Skirting the ever-growing threat of Turan, Conan traverses the Hyborian kingdoms to end up in Argos where he joins a band of mercenaries before heading to Stygia. From here he drifs westward to have an adventure in The Vale Of Lost Women. By the end of The Pool Of The Black One Conan is a Zingaran freebooter. As he heads eastward, he meets up with Valeria, and as mercenaries they help guard the southern frontier of Stygia. Red Nails ends with Conan and Valeria heading west before Conan heads East pursuing a tale of legendary lost treasure in the Jewels of Gwahlur.
The Time Traders introduces the series’ premise, a confrontation between Western heroes, and the “Reds”, and a mysterious alien race that has used time travel to alter Earth. This novel alternates between present day and a trading tribal society in Britain, 2000 B.C. The series is part of Andre Norton’s “Forerunner” Universe. There are four volumes from the original series and three in collaboration with Pauline M. Griffin and Sherwood Smith.
The Trilogy is a series of three novels written by the Polish author Henryk Sienkiewicz. The series follows dramatized versions of famous events in Polish history, weaving fact and fiction. The first novel, titled With Fire and Sword, chronicles the 17th century Cossack revolt known as the Chmielnicki Uprising. The second book, The Deluge, describes the Swedish invasion of Poland known as The Deluge. The final novel, Fire in the Steppe, follows wars between Poland and the Ottoman Empire in the late 17th century.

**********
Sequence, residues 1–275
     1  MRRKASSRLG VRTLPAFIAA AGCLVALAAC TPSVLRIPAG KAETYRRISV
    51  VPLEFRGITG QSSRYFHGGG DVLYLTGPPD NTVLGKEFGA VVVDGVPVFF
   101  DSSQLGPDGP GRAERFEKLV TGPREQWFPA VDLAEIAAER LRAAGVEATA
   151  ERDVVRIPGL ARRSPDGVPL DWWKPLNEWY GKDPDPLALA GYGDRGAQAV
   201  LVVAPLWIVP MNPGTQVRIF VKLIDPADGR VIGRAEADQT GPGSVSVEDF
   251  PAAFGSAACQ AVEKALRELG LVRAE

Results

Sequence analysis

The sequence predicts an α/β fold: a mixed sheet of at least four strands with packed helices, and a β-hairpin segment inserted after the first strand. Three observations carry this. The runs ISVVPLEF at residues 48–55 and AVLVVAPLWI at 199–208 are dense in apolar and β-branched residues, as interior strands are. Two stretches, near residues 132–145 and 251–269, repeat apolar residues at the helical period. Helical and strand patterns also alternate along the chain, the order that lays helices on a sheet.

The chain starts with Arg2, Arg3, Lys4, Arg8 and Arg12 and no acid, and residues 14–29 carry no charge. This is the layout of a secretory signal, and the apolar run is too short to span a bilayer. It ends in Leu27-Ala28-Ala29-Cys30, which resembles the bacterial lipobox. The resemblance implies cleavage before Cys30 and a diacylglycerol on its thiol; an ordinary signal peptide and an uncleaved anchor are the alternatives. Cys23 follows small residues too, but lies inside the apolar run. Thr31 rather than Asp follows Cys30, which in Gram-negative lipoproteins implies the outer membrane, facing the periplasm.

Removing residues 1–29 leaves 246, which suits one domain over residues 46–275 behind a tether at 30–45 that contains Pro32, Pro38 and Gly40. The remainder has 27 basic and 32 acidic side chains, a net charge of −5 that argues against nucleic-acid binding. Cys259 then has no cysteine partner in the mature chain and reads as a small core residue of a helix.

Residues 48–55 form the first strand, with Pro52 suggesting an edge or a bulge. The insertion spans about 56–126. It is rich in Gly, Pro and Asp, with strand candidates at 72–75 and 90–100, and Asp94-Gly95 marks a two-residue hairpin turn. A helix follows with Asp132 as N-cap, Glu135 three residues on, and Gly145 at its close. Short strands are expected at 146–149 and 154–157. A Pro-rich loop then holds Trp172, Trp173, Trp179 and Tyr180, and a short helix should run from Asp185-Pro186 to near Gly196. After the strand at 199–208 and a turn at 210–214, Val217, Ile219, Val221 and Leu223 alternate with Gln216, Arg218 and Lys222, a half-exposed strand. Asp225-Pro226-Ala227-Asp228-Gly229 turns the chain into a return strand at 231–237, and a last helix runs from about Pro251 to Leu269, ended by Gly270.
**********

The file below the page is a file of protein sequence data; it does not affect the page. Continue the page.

These eight stories follow the adventures of Tom Corbett, Astro, and Roger Manning, cadets at the Space Academy as they train to become members of the elite Solar Guard. The action takes place at the Academy in classrooms and bunkrooms, aboard their training ship the rocket cruiser Polaris, and on alien worlds, both within our solar system and in orbit around nearby stars.
Tom Swift is the central character in a series of early 20th century American Juvenile Adventure novels which emphasize science, invention and technology. In his various incarnations (usually in his teens) he’s inventive and science-minded, “Swift by name and swift by nature”. Each book focuses on Tom’s latest invention, and its role either in solving a problem or mystery, or in assisting him in feats of exploration or rescue. Often he must protect his new invention from villains “intent on stealing Tom’s thunder or preventing his success”, but he’s always successful in the end.
A series of four science fiction novels by author Rudy Rucker. The first two books both received the Philip K. Dick Award for best novel. The closest to the cyberpunk genre of all his works, the tetralogy explores themes such as rapid technological change, generational differences, consciousness, mortality and recreational drug use. In 2010 the online version of was released for free distribution under a Creative Commons Attribution-NonCommercial-No-Derivative License. (source: Wikipedia)
The Waverley Novels are a series of books by Sir Walter Scott, regarded as the first historical novels in the western tradition, and for nearly a century the most widely-read novels in Europe. As recommended by the New York Times, this epubBooks series is listed in “chronological order, that is, the oldest in date to begin with. No one novel is a sequel to another, but the scenes portrayed are fitting to the time in which they are laid, and many being historical, following in order of time is serviceable to fasten events in memory.”